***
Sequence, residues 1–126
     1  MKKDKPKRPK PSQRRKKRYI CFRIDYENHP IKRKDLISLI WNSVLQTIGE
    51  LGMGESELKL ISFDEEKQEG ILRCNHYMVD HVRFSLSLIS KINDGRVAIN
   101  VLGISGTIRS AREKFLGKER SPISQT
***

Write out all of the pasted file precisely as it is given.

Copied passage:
Sequence, residues 1–126
     1  MKKDKPKRPK PSQRRKKRYI CFRIDYENHP IKRKDLISLI WNSVLQTIGE
    51  LGMGESELKL ISFDEEKQEG ILRCNHYMVD HVRFSLSLIS KINDGRVAIN
   101  VLGISGTIRS AREKFLGKER SPISQT